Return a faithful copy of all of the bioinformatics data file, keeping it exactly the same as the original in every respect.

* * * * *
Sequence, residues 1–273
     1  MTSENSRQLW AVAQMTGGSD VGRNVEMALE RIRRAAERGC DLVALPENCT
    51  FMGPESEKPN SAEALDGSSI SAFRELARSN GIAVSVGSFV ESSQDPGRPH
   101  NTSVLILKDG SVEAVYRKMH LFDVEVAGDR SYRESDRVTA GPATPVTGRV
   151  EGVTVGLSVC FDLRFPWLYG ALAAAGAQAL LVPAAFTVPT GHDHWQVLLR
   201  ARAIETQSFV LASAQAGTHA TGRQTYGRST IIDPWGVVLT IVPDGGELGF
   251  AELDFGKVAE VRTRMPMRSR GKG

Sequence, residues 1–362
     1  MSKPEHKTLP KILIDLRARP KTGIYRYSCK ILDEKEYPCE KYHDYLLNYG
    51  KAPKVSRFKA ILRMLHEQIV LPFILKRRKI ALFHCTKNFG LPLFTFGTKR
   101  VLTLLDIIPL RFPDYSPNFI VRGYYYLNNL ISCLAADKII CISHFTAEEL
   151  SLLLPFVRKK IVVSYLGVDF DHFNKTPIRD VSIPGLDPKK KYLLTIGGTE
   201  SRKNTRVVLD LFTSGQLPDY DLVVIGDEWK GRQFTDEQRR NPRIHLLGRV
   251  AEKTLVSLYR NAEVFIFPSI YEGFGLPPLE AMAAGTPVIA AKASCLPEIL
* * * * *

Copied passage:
Sequence, residues 1–273
     1  MTSENSRQLW AVAQMTGGSD VGRNVEMALE RIRRAAERGC DLVALPENCT
    51  FMGPESEKPN SAEALDGSSI SAFRELARSN GIAVSVGSFV ESSQDPGRPH
   101  NTSVLILKDG SVEAVYRKMH LFDVEVAGDR SYRESDRVTA GPATPVTGRV
   151  EGVTVGLSVC FDLRFPWLYG ALAAAGAQAL LVPAAFTVPT GHDHWQVLLR
   201  ARAIETQSFV LASAQAGTHA TGRQTYGRST IIDPWGVVLT IVPDGGELGF
   251  AELDFGKVAE VRTRMPMRSR GKG

Sequence, residues 1–362
     1  MSKPEHKTLP KILIDLRARP KTGIYRYSCK ILDEKEYPCE KYHDYLLNYG
    51  KAPKVSRFKA ILRMLHEQIV LPFILKRRKI ALFHCTKNFG LPLFTFGTKR
   101  VLTLLDIIPL RFPDYSPNFI VRGYYYLNNL ISCLAADKII CISHFTAEEL
   151  SLLLPFVRKK IVVSYLGVDF DHFNKTPIRD VSIPGLDPKK KYLLTIGGTE
   201  SRKNTRVVLD LFTSGQLPDY DLVVIGDEWK GRQFTDEQRR NPRIHLLGRV
   251  AEKTLVSLYR NAEVFIFPSI YEGFGLPPLE AMAAGTPVIA AKASCLPEIL